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  • Doctor Who: The Mark of the Rani (Story No. 140)
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Doctor Who: The Mark of the Rani (Story No. 140)


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Product Details

  • Actors: Colin Baker, Kate O'Mara, Anthony Ainley, Nicola Bryant
  • Directors: Sarah Hellings
  • Writers: Pip Baker, Jane Baker
  • Producers: John Nathan-Turner
  • Format: Closed-captioned, Color, NTSC, Subtitled
  • Language: English (Dolby Digital 2.0 Stereo)
  • Subtitles: English
  • Region: Region 1 (U.S. and Canada only. Read more about DVD formats.)
  • Aspect Ratio: 1.33:1
  • Number of discs: 1
  • Rated: NR (Not Rated)
  • Studio: BBC Home Entertainment
  • DVD Release Date: November 7, 2006
  • Run Time: 89 minutes
  • Average Customer Review: 4.3 out of 5 stars  See all reviews (37 customer reviews)
  • ASIN: B000GRUQME
  • Amazon Best Sellers Rank: #36,474 in Movies & TV (See Top 100 in Movies & TV)
  • Learn more about "Doctor Who: The Mark of the Rani (Story No. 140)" on IMDb

Special Features

  • Isolated music score
  • Alternate soundtrack for episode 1
  • "Lords and Luddites" 43 minute making-of featurette
  • "Now and Then" location visit featurette
  • "Blue Peter" featurette
  • "Playing with Time" interview
  • "Saturday Superstore" short
  • Deleted scenes
  • DVD-ROM features: 1985 "Doctor Who Annual" and "Radio Times" Listings
  • Subtitled production notes
  • Photo gallery

Editorial Reviews

Product Description

Doctor Who: Mark of the Rani, The (Episode 140) (DVD)

Amazon.com

Fans of the Colin Baker-era Doctor Who (which is somewhat underrepresented on DVD) will be pleased with this terrific and well-liked serial from 1985 that pits Baker's Doctor and Peri (Nicola Bryant) against not one but two formidable foes against the backdrop of the Industrial Revolution in 19th-century England. The villains in question are the Doctor's longtime antagonist, the Master (Anthony Ainsley), who despite appearing to perish in 1984's Planet of Fire is back for more world domination, and the Rani (UK TV vet and former Hammer starlet Kate O'Mara), a cold and calculating renegade Time Lady whose experiments on the population of a mining town are turning the citizens into savage killers. Scripted by the husband-and-wife team of Pip and Jane Baker (who wrote three additional Doctor Who serials, as well as for Space: 1999), Rani is a literate and exciting Baker episode, well buoyed by O'Mara's elegantly evil performance and clever touches like the Doctor's brainstorming session with real-life engineering legend George Stephenson.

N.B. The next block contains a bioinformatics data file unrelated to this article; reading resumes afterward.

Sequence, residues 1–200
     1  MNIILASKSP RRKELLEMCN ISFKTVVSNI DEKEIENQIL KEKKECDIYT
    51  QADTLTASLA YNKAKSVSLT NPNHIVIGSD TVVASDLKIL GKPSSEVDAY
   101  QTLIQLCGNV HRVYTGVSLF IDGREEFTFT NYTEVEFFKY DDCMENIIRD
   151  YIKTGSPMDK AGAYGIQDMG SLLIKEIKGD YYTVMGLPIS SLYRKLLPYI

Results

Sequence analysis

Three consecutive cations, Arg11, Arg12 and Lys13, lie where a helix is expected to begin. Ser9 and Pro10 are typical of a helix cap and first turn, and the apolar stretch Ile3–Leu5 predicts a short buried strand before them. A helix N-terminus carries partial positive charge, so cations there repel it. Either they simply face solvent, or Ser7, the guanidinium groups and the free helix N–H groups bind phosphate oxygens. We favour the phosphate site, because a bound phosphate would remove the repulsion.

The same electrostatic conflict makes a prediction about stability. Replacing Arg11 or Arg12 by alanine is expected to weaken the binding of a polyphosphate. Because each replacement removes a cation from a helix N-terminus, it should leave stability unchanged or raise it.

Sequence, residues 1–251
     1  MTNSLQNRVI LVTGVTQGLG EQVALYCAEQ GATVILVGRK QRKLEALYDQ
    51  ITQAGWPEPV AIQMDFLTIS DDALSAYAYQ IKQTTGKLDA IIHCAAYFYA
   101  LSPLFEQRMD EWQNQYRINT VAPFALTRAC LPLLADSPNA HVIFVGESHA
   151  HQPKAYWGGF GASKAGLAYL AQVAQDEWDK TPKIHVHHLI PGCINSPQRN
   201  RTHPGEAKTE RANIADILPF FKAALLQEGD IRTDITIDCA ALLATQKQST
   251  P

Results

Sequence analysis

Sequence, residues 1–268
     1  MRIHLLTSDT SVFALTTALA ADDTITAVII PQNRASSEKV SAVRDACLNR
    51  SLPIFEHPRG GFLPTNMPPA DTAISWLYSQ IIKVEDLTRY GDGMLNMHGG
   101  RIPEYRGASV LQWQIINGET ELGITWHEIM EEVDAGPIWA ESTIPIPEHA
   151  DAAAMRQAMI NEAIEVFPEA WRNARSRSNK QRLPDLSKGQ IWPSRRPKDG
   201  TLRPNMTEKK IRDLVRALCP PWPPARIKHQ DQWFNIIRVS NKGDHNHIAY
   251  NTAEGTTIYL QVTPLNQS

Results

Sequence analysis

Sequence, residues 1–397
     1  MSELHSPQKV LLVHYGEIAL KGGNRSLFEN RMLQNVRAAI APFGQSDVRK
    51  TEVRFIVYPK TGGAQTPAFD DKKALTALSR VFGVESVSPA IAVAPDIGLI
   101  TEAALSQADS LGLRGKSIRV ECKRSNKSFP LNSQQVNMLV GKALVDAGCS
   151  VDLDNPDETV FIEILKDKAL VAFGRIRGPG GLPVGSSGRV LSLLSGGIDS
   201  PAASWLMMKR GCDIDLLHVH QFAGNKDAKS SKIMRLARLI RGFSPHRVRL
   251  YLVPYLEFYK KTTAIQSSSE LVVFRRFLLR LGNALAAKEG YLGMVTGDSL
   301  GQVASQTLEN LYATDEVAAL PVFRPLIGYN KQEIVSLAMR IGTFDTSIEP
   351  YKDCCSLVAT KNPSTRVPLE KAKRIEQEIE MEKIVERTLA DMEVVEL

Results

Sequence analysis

Chief among the wealth of extras on the Mark of the Rani DVD is a commentary track featuring a typically charming Baker and Bryant, who are joined by O'Mara; Baker, in particular, shines here by giving a considerable amount of production information along with personal reminiscences. "Lords and Luddites" is a 43-minute featurette about the serial's conception and production (narrated by UK television personality Louise Brady) that's chock full of interviews with the cast and crew, including the Bakers and composer Jonathan Gibbs (who is also profiled in a short interview piece), who replaced John Lewis, who died during production (both composers' soundtracks are offered in isolated music tracks). A battery of deleted and extended scenes, a return jaunt to the production locations, related clips from the children's TV programs Blue Peter and Saturday Superstore, and the by-now standard photo gallery, text-only information track, and PDF files for the Doctor Who Annual and Radio Times listings round out the supplements. --Paul Gaita

Customer Reviews

As for this story, Its a great period peice. the costuming is fantastic.
David W. Curry
He may be a little arrogant at times, but you see how he really wants to help, especially when he put himself at risk by going undercover.
Patrick Correa
In this case that's a plus, though, maximizing the incredibly authentic and historically accurate location shots to great advantage.
Crazy Fox

Most Helpful Customer Reviews

20 of 21 people found the following review helpful By Daniel J. Hamlow HALL OF FAME on September 8, 2002
Format: VHS Tape
England, 1826--the toil and drudgery of the coal miners is emphasized with the opening elegiac music. Jack Ward and his companions go to the bath house to wash, but suddenly, gas seeps through the walls, sending them to unconsciousness. They reemerge alive, but with red circles under their ears, and acting violently. They kick a food stand, knocking down its contents and a young boy.
The Doctor and Peri are en route to Kew Gardens, but the TARDIS is pulled of course to 1826. There, they try to find the source of the time disturbance and trace it to the Rani, who like the Master is a renegade Time Lord and an old classmate.
This is a semi-historical story, as they meet George Stephenson, the engineer whose Blucher locomotive hauled coal from Killingworth colliery. The Doctor tells Peri: "How would you like to meet a genius?" She says, "I thought I already had."
The Rani, who has been taking the brain fluid enabling men to sleep throughout history, treats humans as "walking heaps of chemicals." "There's no place for the soul in her scheme of things." Result: the men become restless and violent. When the Doctor argues that humans haven't done any harm to her, she counters with: "They're carnivores. What harm have the animals in the fields done them, the rabbits they snare?... Do they worry about the lesser species when they sink their teeth into a lamb chop?" Point to the Rani there. She's so callous, the Doctor angrily tells her "They should never have exiled you. They should have locked you in a padded cell!"
The Master is also here. Not only has he improved his compressor so that its victim totally vanishes, he wants to use the Rani's skills to continue his feud with the Doctor.
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12 of 12 people found the following review helpful By G.Spider on October 26, 2000